If you're wearing the design hat before for the first time, here's some tips that might be helpful on your way.
More of a video person? This post is available as a video podcast at evan.streambus.com.
You're used to using things that are feature complete, so you look at your early product and feel that it's "dull" or "sparse".
This isn't an aesthetics problem, it's a your-product-is-early problem. Be comfortable with this stage; don't try and add extra fonts, colors, borders, and other decorations.
Instead, build features, and your product will evolve naturally.
You likely already have a color palette, but keeping a spacing palette can help you avoid unintentional contrast, especially when you have multiple people working on one project.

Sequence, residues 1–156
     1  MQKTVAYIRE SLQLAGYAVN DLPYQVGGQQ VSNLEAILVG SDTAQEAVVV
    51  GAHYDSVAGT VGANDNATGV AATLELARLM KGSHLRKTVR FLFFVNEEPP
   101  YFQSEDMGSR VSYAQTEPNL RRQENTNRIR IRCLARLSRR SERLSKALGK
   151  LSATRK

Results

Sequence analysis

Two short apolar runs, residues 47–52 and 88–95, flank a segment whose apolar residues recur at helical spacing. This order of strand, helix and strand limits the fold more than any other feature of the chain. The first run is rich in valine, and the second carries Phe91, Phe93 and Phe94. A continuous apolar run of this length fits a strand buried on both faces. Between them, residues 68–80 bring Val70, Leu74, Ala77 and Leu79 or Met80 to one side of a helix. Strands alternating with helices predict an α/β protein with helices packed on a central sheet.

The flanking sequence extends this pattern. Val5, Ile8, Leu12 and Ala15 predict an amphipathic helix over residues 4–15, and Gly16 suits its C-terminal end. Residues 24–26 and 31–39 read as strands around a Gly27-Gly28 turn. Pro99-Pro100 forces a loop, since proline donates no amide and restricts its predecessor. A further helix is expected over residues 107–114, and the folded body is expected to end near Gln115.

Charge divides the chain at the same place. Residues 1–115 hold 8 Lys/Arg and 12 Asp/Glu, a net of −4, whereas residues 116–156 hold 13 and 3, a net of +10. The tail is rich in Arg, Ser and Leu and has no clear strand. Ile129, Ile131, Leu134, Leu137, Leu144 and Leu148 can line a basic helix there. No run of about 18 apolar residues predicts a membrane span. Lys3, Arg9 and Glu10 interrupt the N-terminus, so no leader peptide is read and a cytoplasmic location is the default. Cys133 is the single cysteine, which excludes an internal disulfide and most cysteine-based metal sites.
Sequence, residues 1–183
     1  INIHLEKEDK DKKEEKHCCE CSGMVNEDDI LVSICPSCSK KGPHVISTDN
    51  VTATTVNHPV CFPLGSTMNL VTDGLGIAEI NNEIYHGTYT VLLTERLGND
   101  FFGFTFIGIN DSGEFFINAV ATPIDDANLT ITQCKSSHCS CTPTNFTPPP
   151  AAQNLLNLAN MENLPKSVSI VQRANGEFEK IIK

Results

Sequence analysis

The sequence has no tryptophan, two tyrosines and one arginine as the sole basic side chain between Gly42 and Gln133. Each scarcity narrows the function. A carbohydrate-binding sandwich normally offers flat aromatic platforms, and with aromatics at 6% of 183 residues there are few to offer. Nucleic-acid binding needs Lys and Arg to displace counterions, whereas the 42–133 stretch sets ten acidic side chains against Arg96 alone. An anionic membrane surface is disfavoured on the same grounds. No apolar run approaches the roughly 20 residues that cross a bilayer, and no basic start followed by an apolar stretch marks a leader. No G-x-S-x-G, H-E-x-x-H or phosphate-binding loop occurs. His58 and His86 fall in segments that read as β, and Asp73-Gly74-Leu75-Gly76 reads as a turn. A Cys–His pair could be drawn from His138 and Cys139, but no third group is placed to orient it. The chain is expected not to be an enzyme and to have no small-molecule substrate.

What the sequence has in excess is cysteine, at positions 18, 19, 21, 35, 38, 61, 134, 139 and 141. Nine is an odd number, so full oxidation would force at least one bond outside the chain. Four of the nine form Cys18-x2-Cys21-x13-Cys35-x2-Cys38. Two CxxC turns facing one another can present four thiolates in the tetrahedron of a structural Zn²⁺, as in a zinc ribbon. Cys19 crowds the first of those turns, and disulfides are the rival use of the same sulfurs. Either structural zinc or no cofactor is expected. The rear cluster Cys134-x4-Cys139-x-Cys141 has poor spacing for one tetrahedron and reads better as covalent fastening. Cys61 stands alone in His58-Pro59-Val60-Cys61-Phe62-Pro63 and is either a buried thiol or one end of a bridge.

Make sure it's clear what you want a user to do. If you add a big background to one button, but make another one big and blue, it's not clear which one is "more" important.
To avoid this, plan out what an "primary" button looks like, what a "secondary" button looks like, and so on.
Most icon sets are meant to have roughly the same size as the text. They're meant to be similar to a character.
If you need something big, consider using a stock photo or illustration. Or, consider removing the icon and just letting the text speak for itself.
Many professionally designed websites don't use pure gray-scales (like #000000 black). Instead, their grays are darker, desaturated versions of their other brand colors.
Consider using palx.jxnblk.com to generate a grayscale color palette for your brand color.
Some vector art is better than others, and can distract from your design. Consider using blush.design to get some professional assets instead.
Consider using unsplash images instead of art assets. Or, if it works for your project, consider letting your design exist without art assets entirely! Not everything needs illustrations.